DESIGNING HUMAN LIFE  30th MARCH  2006. Imperial College. Health Care Ethics Forum.   In Aldous Huxley's Brave New World, humans are created and incubated to term in laboratories. Human Life is programmed and sanitised. To-day, rapid developments in the treatment of human infertility, in molecular biology, in diagnostic technology and in genetics have alleviated suffering but also opened the door to genetic manipulation and engineering in humans. Gender selection is now possible. Human reproductive cloning is a distinct possibility. Genetic testing and prenatal screening allow for greater reproductive choice but also create problems with confidentiality, relationships and genetic discrimination. Stem cell research offers hope that new therapies will become available. Yet alongside the potential benefits, these scientific developments create new and perplexing challenges and raise a number of disturbing scenarios. The moral status of the human embryo remains a key issue. Does possible always mean permissible?  

Aims and objectives   To identify some of the ethical, social and legal issues that arise as a consequence of current and foreseeable scientific developments in this domain To increase understanding of this complex area and the science underpinning the developments. To explore the impact on individuals, families, societies and human values. To evaluate the impact on healthcare policy and practice. To encourage multiple perspectives and rational, informed debate. To consider how the management of these developments can be achieved on a morally sound and responsible basis.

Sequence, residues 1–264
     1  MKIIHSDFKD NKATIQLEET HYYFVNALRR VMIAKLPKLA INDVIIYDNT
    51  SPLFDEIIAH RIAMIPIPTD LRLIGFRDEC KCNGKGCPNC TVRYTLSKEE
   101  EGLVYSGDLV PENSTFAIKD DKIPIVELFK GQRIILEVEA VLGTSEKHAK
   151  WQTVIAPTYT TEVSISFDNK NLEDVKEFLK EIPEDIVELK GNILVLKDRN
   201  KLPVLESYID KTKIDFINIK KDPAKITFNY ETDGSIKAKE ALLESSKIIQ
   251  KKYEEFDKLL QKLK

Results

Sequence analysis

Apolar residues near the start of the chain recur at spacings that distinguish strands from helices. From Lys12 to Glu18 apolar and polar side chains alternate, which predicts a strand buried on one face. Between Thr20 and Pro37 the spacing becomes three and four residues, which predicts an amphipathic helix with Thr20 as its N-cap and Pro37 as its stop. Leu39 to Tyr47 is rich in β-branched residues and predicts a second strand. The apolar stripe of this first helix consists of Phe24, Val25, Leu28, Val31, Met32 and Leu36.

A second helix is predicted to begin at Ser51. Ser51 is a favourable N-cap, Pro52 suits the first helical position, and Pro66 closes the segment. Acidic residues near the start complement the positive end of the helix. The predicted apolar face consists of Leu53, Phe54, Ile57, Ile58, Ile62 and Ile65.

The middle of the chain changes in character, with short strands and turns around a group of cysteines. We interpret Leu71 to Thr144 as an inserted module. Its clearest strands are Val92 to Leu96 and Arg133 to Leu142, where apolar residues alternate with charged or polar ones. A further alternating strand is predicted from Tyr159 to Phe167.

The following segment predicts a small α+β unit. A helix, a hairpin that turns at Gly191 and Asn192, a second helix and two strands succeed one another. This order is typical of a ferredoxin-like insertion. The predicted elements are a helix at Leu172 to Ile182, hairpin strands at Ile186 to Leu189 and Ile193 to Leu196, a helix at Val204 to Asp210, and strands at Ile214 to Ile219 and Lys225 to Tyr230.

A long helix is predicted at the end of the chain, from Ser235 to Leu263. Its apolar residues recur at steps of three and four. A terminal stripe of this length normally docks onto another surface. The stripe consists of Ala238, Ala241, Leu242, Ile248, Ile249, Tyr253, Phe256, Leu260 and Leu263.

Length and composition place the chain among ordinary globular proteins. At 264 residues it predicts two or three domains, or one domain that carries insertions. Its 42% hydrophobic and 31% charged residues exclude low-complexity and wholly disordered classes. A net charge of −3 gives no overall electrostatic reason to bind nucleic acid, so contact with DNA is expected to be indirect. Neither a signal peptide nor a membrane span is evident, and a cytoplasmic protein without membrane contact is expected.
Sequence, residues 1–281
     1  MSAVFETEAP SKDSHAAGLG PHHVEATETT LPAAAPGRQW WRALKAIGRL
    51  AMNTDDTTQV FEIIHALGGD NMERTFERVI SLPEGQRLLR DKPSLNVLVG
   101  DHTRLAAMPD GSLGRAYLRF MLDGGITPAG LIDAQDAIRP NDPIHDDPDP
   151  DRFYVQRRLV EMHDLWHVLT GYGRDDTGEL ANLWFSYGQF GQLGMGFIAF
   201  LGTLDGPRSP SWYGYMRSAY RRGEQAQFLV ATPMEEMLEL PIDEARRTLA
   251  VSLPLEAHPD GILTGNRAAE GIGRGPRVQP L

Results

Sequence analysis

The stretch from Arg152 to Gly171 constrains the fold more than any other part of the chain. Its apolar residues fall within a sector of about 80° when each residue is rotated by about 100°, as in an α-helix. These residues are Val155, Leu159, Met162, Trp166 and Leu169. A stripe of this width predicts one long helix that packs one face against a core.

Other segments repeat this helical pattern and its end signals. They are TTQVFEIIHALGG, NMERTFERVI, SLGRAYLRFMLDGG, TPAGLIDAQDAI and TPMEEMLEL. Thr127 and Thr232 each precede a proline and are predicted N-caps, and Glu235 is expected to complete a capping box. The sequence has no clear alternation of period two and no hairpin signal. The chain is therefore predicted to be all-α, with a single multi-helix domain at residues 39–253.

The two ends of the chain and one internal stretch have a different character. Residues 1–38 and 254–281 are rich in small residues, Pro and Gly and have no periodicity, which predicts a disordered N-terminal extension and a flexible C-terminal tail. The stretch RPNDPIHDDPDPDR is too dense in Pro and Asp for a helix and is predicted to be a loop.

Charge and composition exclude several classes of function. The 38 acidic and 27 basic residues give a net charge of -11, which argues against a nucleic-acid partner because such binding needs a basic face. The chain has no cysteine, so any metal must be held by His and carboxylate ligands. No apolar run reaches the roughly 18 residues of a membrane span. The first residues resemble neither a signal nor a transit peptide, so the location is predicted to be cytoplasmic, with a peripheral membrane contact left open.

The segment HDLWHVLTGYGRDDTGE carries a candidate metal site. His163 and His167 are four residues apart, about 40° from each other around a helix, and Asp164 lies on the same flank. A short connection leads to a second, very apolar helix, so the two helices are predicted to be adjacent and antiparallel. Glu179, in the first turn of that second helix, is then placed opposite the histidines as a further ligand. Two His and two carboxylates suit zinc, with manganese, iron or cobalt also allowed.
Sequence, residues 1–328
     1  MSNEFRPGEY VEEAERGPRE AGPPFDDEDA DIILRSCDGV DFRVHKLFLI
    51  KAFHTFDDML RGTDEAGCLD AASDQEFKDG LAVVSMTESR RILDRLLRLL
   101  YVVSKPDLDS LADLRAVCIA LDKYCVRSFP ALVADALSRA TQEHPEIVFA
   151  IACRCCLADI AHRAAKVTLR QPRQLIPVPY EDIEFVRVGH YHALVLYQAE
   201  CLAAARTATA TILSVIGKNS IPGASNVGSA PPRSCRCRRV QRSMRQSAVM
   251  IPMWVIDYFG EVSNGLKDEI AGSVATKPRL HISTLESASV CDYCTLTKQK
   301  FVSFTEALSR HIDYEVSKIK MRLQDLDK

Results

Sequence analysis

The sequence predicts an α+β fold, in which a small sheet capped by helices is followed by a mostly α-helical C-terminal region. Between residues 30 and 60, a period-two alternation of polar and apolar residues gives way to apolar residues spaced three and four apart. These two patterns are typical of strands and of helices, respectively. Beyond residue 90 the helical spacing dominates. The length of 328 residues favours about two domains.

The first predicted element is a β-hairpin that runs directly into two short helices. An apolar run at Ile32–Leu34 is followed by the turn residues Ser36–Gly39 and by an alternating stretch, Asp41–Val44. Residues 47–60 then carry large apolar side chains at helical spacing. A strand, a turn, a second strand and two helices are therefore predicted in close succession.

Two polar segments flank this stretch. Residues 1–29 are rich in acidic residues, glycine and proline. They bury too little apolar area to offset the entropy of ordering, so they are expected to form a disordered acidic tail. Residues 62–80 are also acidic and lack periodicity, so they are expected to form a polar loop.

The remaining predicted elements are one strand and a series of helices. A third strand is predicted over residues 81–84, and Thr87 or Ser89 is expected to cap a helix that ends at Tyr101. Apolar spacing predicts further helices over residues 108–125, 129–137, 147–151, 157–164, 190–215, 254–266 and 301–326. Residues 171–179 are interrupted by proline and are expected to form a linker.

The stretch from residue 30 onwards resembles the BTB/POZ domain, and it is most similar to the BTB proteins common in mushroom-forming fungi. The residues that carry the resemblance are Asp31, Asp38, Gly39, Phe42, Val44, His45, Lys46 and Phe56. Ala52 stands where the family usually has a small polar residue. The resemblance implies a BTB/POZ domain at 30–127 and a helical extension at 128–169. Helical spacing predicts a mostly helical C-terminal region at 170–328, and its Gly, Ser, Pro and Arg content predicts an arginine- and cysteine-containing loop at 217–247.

Who should attend  

The conference is intended for medical, nursing and allied professionals, philosophers, ethicists, scientists, lawyers, teachers, students, administrators and all individuals who wish to explore and debate the key issues in this complex and controversial area of bioethics.  




Chair: Professor Raanan Gillon  

9 – 9.30am     Registration   9.30 – 9.40     Introduction and housekeeping. Paquita de Zulueta and Mervyn Jones.   9.40 – 10.20    Ethics of Prenatal testing. Dr Clare Williams   10.20 – 11       Ethics of genetic testing and screening. Professor Mike Parker   11 -11.30        Coffee break   11.30 –12.10   Legal and ethical issues in preimplantation genetic diagnosis.   Dr Rosamund Scott   12.10 – 12.50   Panel/audience discussion   12.50 – 14        LUNCH   14 – 14.40        Human enhancement – Professor Julian Savulescu   14.40 – 15.20   Sex selection – Dr Piers Benn   15.20 – 15.40    Coffee break   15.40 – 16.20    'Embryonic Stem Cells; Their Therapeutic Potentials & Ethical Dilemmas'.  Dr S H Cedar                        16.20– 16.50     Panel/audience discussion. Evaluation   16.50 – 17.00    Chairman's conclusion.   17.00                 End of conference.  

Cost: £125 early booking fee before 28th Feb  0r      £150 after 28th Feb. For conference applications and enquiries, contact Bang Nong at the Centre for professional development, Imperial College.